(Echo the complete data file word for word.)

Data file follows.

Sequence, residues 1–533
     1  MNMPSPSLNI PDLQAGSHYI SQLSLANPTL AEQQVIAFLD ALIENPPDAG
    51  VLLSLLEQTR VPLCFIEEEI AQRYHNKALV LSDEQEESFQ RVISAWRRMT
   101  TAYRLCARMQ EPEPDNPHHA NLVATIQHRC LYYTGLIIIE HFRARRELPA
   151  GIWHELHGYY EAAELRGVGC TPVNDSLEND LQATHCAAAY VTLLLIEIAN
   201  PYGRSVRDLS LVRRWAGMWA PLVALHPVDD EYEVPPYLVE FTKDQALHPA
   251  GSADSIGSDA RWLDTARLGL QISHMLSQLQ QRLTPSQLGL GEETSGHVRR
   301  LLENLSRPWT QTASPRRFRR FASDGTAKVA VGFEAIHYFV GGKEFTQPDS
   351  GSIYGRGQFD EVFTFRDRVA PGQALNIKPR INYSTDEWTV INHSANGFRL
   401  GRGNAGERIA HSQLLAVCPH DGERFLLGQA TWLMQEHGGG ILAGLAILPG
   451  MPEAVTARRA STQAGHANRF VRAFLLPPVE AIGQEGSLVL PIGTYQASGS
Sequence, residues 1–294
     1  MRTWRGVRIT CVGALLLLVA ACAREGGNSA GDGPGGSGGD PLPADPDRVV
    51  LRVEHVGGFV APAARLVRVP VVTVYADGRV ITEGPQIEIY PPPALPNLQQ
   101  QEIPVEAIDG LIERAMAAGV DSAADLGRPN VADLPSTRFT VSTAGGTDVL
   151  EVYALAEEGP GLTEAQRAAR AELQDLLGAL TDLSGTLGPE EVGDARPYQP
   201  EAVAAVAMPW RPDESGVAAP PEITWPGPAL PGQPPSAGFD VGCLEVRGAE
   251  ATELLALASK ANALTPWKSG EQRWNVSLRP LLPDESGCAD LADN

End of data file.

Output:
Sequence, residues 1–533
     1  MNMPSPSLNI PDLQAGSHYI SQLSLANPTL AEQQVIAFLD ALIENPPDAG
    51  VLLSLLEQTR VPLCFIEEEI AQRYHNKALV LSDEQEESFQ RVISAWRRMT
   101  TAYRLCARMQ EPEPDNPHHA NLVATIQHRC LYYTGLIIIE HFRARRELPA
   151  GIWHELHGYY EAAELRGVGC TPVNDSLEND LQATHCAAAY VTLLLIEIAN
   201  PYGRSVRDLS LVRRWAGMWA PLVALHPVDD EYEVPPYLVE FTKDQALHPA
   251  GSADSIGSDA RWLDTARLGL QISHMLSQLQ QRLTPSQLGL GEETSGHVRR
   301  LLENLSRPWT QTASPRRFRR FASDGTAKVA VGFEAIHYFV GGKEFTQPDS
   351  GSIYGRGQFD EVFTFRDRVA PGQALNIKPR INYSTDEWTV INHSANGFRL
   401  GRGNAGERIA HSQLLAVCPH DGERFLLGQA TWLMQEHGGG ILAGLAILPG
   451  MPEAVTARRA STQAGHANRF VRAFLLPPVE AIGQEGSLVL PIGTYQASGS
Sequence, residues 1–294
     1  MRTWRGVRIT CVGALLLLVA ACAREGGNSA GDGPGGSGGD PLPADPDRVV
    51  LRVEHVGGFV APAARLVRVP VVTVYADGRV ITEGPQIEIY PPPALPNLQQ
   101  QEIPVEAIDG LIERAMAAGV DSAADLGRPN VADLPSTRFT VSTAGGTDVL
   151  EVYALAEEGP GLTEAQRAAR AELQDLLGAL TDLSGTLGPE EVGDARPYQP
   201  EAVAAVAMPW RPDESGVAAP PEITWPGPAL PGQPPSAGFD VGCLEVRGAE
   251  ATELLALASK ANALTPWKSG EQRWNVSLRP LLPDESGCAD LADN